RC Multicopters

Radio control aircraft come in many shapes, sizes and types and rc multicopters are a relatively new addition to the ever-growing list.

An evolution of the rc helicopter, multicopters are a unique type of aircraft that feature three or more motors mounted on booms fixed to a central fuselage or hub. The motors are mounted vertically and tilting movements of each motor, along with changes in motor power and hence rotor speed, give the omnidirectional control of the multicopter.

Smaller multicopters, particularly RTF quad copters, will not utilise any motor-tilting feature but rely soley on changes in motor speed, controlled by advanced auto-stabilisation electronic wizardry. So moving a stick on the transmitter won't cause any physical movement of anything on the copter, just a change in speed of the relevant motors.

Regardless of their individual design characteristics, rc multicopters are generally named after how many motors they have; a three-motored multicopter is a tricopter, a four-motored one is a quadcopter (or quadrocopter / quadricopter / quad rotor), a six-motored one is a hexacopter etc. They can vary in size, from palm-size to giants.
Away from the hobby, they are used as drones by the military and police forces etc.

RC multicopters have become very popular projects for scratch-build enthusiasts, but because of their popularity these radio controlled copters are becoming widely available to buy, in Ready To Fly and 'plug and play' versions.
One such example is the Blade mQX pictured below:

The mQX rc multicopter

Many, particularly larger, rc multicopters rely on rc helicopter gyros to achieve their stability in the air, but more sophisticated auto-stabilisation hardware has more recently become available and the Blade mQX uses Horizon Hobby's new AS3X stabilisation system that was developed to make their 'Ultra Micro' planes less twitchy to fly.
Whichever system is used, the end result is impressive and these copters are very stable machines indeed, once they are set up correctly.

Another example of a small ready to fly quad is the Traxxas QR-1 shown below - perfect for buzzing around the house!...

The QR-1 quad copter

This type of rc aircraft is really appealing to many people who don't necessarily want to fly a conventional radio control helicopter or plane. And because of the advanced electronic stability that they feature, you don't need any previous rc helicopter flying experience to have a lot of fun with one!

RC multicopters are very agile aircraft and in the hands of an experienced pilot they can be thrown around the sky in all manner of crazy ways, as the following video shows...

An ever-increasing use of rc multicopters is that of aerial photography and the relatively recent 'FPV' (First Person View) flying, whereby the pilot receives video images from a camera mounted on or inside the aircraft. In effect, the pilot can fly the aircraft as if sitting in the pilot's seat.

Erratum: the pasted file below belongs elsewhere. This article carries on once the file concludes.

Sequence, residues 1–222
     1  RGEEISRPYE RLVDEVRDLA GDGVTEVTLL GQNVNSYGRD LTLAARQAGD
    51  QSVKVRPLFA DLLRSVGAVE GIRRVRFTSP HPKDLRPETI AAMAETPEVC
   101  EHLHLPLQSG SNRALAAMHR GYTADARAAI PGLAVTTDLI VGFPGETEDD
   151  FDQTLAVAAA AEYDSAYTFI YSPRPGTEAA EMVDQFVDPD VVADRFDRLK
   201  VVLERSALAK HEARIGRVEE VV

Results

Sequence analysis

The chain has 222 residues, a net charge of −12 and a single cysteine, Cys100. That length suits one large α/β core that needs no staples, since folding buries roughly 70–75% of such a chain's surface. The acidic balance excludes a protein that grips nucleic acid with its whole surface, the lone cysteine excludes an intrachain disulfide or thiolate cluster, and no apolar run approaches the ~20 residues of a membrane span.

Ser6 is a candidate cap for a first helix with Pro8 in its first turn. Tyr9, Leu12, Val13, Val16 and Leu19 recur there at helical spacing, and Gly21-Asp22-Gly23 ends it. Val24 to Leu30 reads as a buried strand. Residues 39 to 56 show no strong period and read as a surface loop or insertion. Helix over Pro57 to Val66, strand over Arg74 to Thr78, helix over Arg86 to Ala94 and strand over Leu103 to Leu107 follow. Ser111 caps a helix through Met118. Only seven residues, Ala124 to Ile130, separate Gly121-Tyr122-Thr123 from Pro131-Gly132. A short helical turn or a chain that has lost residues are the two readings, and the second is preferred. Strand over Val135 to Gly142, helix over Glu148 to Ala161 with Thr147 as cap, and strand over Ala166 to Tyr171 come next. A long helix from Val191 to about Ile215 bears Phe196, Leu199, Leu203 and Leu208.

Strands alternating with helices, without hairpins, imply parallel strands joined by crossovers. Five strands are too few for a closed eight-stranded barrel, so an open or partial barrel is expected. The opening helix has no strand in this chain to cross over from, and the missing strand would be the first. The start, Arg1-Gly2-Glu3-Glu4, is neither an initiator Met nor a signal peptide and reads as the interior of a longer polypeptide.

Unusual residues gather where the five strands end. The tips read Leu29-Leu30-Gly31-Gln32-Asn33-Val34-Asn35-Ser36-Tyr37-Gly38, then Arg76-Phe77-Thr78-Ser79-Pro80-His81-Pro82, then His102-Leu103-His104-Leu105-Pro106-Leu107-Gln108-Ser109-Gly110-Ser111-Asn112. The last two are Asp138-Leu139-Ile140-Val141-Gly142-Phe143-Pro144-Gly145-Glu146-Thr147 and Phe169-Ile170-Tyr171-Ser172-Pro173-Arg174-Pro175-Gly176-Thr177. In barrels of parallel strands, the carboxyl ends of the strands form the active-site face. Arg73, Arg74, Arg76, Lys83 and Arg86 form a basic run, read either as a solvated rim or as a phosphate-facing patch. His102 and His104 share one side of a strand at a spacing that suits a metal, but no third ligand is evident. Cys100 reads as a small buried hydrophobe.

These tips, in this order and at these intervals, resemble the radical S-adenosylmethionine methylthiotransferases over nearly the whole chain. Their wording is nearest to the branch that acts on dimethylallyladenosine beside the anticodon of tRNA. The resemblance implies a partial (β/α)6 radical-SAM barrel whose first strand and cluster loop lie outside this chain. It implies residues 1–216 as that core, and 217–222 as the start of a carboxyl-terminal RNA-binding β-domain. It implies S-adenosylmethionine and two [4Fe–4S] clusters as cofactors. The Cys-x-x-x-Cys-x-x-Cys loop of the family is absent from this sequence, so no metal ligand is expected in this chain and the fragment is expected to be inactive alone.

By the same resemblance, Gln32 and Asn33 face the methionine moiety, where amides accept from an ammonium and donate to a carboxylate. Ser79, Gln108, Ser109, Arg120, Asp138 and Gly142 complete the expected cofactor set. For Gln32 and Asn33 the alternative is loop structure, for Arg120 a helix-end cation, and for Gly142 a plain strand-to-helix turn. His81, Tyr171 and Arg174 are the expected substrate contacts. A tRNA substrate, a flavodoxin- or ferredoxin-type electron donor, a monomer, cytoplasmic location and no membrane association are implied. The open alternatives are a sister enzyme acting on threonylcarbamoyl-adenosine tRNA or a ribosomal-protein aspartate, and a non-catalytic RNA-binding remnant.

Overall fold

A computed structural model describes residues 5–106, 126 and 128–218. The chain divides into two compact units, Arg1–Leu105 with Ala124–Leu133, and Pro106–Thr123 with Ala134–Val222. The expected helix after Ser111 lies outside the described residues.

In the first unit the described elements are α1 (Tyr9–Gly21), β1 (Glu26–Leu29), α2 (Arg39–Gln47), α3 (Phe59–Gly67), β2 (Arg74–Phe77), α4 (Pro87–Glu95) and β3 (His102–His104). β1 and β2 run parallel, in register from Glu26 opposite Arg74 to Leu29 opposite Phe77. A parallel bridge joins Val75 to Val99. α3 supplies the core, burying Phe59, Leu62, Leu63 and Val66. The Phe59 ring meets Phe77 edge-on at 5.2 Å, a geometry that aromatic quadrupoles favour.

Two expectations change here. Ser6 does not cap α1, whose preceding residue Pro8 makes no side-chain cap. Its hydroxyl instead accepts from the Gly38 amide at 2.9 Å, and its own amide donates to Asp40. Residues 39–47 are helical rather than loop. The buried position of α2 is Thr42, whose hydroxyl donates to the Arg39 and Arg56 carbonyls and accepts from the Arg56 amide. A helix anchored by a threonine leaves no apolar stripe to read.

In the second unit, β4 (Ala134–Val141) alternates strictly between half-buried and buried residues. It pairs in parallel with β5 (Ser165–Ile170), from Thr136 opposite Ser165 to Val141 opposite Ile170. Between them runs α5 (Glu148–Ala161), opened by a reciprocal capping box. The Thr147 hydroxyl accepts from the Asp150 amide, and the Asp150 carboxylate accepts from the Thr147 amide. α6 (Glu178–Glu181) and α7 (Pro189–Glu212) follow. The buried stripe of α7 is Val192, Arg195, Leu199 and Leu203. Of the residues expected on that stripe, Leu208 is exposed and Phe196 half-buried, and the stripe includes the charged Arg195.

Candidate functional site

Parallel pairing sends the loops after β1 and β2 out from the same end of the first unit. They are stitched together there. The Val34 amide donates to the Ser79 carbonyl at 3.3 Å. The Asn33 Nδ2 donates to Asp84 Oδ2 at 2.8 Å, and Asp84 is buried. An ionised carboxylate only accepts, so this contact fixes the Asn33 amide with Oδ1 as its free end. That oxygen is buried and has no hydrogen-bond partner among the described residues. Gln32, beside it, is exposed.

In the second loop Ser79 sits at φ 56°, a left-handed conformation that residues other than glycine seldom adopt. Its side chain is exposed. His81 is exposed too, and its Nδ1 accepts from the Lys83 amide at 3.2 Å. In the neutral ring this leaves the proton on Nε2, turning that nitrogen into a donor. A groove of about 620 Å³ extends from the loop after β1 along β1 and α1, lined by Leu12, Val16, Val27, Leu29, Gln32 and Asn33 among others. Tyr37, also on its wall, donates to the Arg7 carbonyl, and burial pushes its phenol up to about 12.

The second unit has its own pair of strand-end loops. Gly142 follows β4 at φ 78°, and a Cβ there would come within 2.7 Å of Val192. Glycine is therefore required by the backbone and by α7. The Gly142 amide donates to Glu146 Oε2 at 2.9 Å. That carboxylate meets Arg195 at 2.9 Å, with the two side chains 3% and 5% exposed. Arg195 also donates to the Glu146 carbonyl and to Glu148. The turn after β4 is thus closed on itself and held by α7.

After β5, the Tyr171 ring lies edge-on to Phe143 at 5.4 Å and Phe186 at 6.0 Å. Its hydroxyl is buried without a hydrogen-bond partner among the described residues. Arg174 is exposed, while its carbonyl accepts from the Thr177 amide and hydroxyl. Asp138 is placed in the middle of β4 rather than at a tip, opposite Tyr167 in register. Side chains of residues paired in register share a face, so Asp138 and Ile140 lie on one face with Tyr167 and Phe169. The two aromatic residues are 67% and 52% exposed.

Because of the stability of the copters, they make perfect camera platforms and indeed are in use by many organisations and businesses around the world, ranging from military reconnaissance to police surveillance to aerial surveying. Essentially, any information that can be had from getting a bird's eye view of something can be achieved using an rc multicopter.

This does of course bring the issue of people's privacy in to question; in today's paranoid world there have already been complaints that use of these flying drones will invade our privacy one way or another, but personally I think that increased use of them is inevitable as they continue to prove their worth in the world of surveillance.

iPhone controllability

One huge development, not just in the rc multicopter world, but in the general radio control flying hobby, was the invention of the Parrot AR Drone, shown below:

The Parrot AR Drone rc multicopter

What made the Parrot AR Drone so special, and ahead of everything else, was that it uses a wireless connection and is controlled by an iPhone, iPad or similar device that has tilt-response. Also, the AR Drone features a built-in camera so in-flight video is transmitted back to the device for that First Person View experience!

The AR Drone certainly made history in the rc world, but of course since its release other manufacturers have followed suit, and knowing how things go in this hobby it won't be long before the technology is commonplace.

How big??

As previously mentioned, rc multicopters come in all shapes and sizes, but in autumn 2011 the ultimate goal was achieved when Thomas Senkel flew a home built full size multicopter! OK so it's not a radio controlled one, but it's very impressive to say the least...

All this guy needs to do is to build a gigantic transmitter to go with it, and he's got the full set up!

RC multicopters, despite being a relatively recent invention, have caught on very quickly. Their versatility and fun factor has ensured them a secure place in the radio control flying hobby, and their usefulness as air surveillance aircraft has earned them a definite place in the real world too.
Given that they are now available in Ready To Fly versions, they will only become more popular. Perhaps never as popular as rc helicopters, but you just never know!

RC Multicopter shopping.


Related pages

Related pagesFPV flying.

Related pagesElectric rc helicopters.

Related pagesRC aircraft types.

Handy stuff

Site search:

Custom Search

Like this site:

Find me on Facebook.


Best hel-E-books!

Top selling e-books:

Beginner's Guide To Flying RC Helicopters


Setup & Tips For Electric Collective Pitch RC Helicopters


120 and 140 Degree Swashplate Setup & Levelling


Getting the most out of your Blade mSR